Te Manu Huna a Tāne
This special photo book documents a wānanga or class for three generations of women from Ngāti Torehina ki Matakā to learn the customary practice of pelting North Island brown kiwi so their feathers can be used for weaving. This passing on of customary knowledge developed out of a partnership between conservationists and weavers that returned accidentally killed kiwi to the hapū or family of the rohe or district in which they were found.
Weaving, perhaps the pre-eminent form of Māori women’s cultural expression, was in serious decline in New Zealand until the 1950s, when a concerted effort was made by Māori women to preserve and maintain it and to highlight the need to protect vital natural resources. Formal training is now available through universities and polytechnics, but traditionally weaving has been taught within hapū, usually by a mother, aunt or grandmother honouring protocols and restrictions to maintain the integrity of the discipline.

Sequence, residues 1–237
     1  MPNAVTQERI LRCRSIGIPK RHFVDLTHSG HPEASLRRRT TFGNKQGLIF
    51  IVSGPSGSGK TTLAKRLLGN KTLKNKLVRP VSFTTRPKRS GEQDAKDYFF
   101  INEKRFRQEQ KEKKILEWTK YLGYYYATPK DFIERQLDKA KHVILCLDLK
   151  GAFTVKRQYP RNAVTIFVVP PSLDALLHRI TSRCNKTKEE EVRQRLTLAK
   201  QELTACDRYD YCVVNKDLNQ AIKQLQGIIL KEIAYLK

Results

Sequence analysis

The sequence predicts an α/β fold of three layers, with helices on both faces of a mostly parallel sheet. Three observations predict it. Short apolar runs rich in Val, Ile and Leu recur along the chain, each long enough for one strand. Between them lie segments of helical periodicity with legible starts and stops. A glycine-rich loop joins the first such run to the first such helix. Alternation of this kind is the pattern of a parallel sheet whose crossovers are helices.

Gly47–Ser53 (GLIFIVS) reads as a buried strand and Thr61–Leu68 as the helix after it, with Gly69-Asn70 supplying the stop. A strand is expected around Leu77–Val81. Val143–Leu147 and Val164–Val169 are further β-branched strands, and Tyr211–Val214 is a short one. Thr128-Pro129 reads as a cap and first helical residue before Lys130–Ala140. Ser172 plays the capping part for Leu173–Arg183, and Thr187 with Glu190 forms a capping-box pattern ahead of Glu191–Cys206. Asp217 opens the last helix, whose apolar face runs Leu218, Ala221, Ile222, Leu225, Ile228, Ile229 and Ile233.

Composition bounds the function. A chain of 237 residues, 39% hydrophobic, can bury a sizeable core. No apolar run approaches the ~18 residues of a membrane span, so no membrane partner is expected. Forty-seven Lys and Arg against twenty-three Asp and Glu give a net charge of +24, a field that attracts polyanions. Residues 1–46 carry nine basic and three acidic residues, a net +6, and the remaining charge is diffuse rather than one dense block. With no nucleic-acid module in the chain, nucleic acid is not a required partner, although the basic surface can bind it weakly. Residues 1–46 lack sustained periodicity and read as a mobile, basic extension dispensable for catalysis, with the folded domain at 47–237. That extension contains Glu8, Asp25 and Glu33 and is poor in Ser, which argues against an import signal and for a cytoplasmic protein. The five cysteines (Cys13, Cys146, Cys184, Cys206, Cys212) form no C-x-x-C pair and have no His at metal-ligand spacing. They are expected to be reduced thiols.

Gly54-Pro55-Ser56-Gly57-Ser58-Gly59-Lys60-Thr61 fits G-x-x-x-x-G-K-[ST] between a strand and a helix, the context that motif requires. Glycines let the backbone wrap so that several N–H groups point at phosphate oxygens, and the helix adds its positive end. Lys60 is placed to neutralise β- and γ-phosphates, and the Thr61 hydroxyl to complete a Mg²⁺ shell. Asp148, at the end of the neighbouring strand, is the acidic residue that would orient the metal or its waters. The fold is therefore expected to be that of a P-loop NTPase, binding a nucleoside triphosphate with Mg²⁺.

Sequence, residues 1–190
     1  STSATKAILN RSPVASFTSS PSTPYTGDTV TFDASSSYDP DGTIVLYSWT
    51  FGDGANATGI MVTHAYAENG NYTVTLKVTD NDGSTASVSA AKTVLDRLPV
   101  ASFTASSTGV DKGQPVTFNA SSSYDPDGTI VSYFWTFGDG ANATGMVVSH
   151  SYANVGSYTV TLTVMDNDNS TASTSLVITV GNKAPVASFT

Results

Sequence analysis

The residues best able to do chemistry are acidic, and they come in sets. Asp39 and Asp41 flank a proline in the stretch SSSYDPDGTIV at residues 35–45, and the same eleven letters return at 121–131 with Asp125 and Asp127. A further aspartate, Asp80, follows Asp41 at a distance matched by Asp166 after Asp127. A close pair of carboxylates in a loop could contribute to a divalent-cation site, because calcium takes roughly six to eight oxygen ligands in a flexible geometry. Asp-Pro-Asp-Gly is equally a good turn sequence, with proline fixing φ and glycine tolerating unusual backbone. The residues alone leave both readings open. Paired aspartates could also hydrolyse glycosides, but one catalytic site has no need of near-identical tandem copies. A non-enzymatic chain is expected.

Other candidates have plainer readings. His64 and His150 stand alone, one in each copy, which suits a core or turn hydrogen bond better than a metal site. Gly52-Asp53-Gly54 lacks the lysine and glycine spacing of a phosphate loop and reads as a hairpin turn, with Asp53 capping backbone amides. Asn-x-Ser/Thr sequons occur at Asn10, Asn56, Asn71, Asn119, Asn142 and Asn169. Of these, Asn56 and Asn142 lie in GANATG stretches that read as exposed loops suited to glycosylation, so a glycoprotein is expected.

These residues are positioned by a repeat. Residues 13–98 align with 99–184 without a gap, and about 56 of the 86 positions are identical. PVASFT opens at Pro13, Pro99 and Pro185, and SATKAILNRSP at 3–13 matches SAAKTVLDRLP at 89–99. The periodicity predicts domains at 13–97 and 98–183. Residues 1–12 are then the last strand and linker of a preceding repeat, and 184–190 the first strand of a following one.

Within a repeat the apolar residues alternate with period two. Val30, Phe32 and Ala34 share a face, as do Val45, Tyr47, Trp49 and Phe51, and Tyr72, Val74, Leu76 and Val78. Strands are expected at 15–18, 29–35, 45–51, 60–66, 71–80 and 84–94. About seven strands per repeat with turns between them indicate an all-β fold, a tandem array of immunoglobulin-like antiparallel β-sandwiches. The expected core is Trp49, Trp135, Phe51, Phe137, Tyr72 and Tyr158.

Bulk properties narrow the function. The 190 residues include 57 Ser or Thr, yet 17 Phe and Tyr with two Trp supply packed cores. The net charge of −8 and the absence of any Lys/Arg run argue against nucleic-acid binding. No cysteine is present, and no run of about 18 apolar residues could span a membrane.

It offers a particular perspective on the contemporary hapū-led cultural practices of Māori women and their intersection of the sacred and profound in the everyday. It also brings a greater understanding of conservation efforts and, in particular, of how the Department of Conservation Te Papa Atawhai works closely with tangata whenua.